The ever-growing use of electronics and China's decision to close its import borders to scrap plastics are two factors driving the need for processors elsewhere to handle more black plastics commonly used in those products.
And those plastics, which were once often destined for landfill disposal because of the recycling challenges they represent, are no longer allowed to be buried in the European Union.
Christian Schickle is in sales for Hamos GmbH of Penzberg, Germany, a maker of electrostatic separation technologies. He said he has witnessed the growing interest in handling black plastics from recyclers.
While the movement in Europe is driven by Waste Electrical and Electronic Equipment regulations, there are more forces at work in the trend.
"I think the thinking especially in North America is changing completely the last two years. In former years, it was very easy for customers to put the material to landfill or incineration. And nobody was really interested in color separation. Mostly the recyclers were focused on metal separation [from electronics], which was quite easy," he said.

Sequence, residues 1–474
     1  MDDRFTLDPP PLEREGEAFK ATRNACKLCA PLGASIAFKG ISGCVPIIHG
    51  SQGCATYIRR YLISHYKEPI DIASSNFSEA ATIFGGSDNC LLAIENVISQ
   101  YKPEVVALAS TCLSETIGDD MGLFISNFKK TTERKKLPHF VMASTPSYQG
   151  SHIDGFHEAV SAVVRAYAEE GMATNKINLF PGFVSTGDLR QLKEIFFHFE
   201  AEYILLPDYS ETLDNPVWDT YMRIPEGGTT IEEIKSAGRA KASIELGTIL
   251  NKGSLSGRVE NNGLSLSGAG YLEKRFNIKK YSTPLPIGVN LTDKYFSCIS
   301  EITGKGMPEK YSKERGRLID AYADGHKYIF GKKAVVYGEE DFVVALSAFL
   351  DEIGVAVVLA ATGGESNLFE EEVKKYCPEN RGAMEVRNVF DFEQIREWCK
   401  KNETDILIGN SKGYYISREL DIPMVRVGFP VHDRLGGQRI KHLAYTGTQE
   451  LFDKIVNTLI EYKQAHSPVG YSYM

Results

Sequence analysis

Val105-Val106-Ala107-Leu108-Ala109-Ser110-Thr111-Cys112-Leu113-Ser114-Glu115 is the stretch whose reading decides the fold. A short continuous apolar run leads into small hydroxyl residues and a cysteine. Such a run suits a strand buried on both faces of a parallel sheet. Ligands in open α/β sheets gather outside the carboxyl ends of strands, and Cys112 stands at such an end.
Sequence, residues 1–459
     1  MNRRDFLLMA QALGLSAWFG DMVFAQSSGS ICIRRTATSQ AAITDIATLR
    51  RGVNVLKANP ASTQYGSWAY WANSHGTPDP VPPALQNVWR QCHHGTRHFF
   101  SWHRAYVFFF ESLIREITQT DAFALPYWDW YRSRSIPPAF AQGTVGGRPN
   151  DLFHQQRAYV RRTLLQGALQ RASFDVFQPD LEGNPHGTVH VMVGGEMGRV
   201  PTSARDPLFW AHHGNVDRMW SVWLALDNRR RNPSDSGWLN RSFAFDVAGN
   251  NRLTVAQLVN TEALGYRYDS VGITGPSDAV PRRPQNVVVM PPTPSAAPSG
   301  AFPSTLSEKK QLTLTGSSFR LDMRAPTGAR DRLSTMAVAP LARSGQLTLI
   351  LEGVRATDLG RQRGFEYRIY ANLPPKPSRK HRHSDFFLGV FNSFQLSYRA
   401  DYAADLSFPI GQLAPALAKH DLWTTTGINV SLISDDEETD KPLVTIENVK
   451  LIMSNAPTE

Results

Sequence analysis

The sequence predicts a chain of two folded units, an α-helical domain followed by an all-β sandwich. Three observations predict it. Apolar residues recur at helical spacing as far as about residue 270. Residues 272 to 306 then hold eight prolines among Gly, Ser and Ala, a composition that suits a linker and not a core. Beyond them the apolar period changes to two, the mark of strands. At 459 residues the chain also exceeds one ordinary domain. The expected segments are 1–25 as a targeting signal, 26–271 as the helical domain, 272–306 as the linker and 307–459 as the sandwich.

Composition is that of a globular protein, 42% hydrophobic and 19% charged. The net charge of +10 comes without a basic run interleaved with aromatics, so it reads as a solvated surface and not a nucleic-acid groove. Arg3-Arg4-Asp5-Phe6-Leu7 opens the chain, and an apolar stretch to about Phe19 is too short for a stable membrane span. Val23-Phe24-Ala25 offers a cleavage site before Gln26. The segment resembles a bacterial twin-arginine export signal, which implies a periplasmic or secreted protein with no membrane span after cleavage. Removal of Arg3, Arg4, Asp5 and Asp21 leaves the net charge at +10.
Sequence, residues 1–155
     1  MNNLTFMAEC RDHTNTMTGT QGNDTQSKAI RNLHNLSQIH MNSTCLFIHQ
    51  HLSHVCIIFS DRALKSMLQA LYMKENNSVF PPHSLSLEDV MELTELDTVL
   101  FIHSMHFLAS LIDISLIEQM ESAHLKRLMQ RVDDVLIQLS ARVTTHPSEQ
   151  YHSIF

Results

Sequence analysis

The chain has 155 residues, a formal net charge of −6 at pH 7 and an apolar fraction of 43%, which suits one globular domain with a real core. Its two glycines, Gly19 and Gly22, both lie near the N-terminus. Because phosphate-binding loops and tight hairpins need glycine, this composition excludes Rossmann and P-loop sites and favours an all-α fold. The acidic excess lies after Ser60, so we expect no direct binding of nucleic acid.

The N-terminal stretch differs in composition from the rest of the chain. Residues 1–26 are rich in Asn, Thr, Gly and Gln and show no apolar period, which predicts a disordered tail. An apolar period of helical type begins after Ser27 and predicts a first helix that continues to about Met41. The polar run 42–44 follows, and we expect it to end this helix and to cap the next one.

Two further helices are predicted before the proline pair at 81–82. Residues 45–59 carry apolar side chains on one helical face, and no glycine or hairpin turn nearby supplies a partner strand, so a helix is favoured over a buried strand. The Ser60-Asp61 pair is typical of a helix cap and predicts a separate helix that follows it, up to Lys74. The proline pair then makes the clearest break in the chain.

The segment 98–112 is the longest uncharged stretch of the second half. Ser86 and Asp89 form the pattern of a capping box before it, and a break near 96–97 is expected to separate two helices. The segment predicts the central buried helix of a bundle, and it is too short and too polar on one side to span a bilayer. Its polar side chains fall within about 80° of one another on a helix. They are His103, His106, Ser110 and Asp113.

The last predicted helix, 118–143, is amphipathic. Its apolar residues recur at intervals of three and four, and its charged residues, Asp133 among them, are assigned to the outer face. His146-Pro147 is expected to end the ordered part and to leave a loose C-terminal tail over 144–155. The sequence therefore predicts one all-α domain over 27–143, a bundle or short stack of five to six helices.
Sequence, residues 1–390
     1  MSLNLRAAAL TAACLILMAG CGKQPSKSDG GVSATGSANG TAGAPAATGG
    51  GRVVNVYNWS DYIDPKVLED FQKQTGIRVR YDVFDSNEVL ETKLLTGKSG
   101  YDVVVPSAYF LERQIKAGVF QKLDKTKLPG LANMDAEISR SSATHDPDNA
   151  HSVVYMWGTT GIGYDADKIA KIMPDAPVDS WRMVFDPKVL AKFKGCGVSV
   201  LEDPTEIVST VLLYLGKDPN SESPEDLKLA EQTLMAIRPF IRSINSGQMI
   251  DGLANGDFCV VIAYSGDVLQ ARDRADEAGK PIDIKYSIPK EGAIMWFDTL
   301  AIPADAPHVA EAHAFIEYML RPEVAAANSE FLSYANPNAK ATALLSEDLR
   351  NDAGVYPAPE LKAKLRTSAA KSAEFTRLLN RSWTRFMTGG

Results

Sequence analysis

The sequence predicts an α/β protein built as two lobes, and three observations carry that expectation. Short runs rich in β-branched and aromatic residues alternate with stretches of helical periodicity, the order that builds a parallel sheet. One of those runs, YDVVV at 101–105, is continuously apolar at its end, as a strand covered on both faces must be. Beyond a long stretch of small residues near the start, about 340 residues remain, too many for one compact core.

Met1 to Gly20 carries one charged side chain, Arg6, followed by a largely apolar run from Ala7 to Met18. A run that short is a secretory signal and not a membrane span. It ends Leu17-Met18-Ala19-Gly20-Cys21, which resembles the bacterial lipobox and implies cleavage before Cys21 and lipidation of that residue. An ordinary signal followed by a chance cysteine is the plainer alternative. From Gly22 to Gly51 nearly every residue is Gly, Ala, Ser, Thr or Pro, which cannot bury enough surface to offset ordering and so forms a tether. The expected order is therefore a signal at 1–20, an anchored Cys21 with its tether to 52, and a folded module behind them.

"But, nowadays, the polymer separation becomes more and more important as the value grows up and also the prices for the polymers," he said.
Hamos markets an electrostatic separation system that charges different resins either with a positive or negative charge that then allows them to be sorted for reuse.
The company's EKS system focuses on ABS and polystyrene, two resins that account for about half of all plastics use in electronics. While those are the two resins most commonly used, Schickle said there are dozens more that also find their way into products.
With so many different plastics being used in electronics these days and their use in combination with other materials such as wood and metal, for example, the Hamos approach relies on an initial float-sink separation approach to help segregate the two main resin types.
From there, the ABS and PS are routed through the company's electrostatic approach that ultimately creates recyclate streams that are at least 98.5 percent pure.
Hariolf Jung is managing director at Hamos, and he points to National Sword, the Chinese crackdown on scrap imports, including plastics, as a key driver to advance separation in other parts of the world.
"I think there are two incidents. One is the closing of the Chinese border that no material from Europe or the U.S. or wherever can be imported to China results in the need to recycle in origin countries," he said. "The other is the value of this type of plastic is steadily increasing."
Black and dark plastics are always more common in electronics, Jung said. With a steady supply of the material available, combined with the value of the material, he said, "the payback of investment in that kind of recovery is within a short period."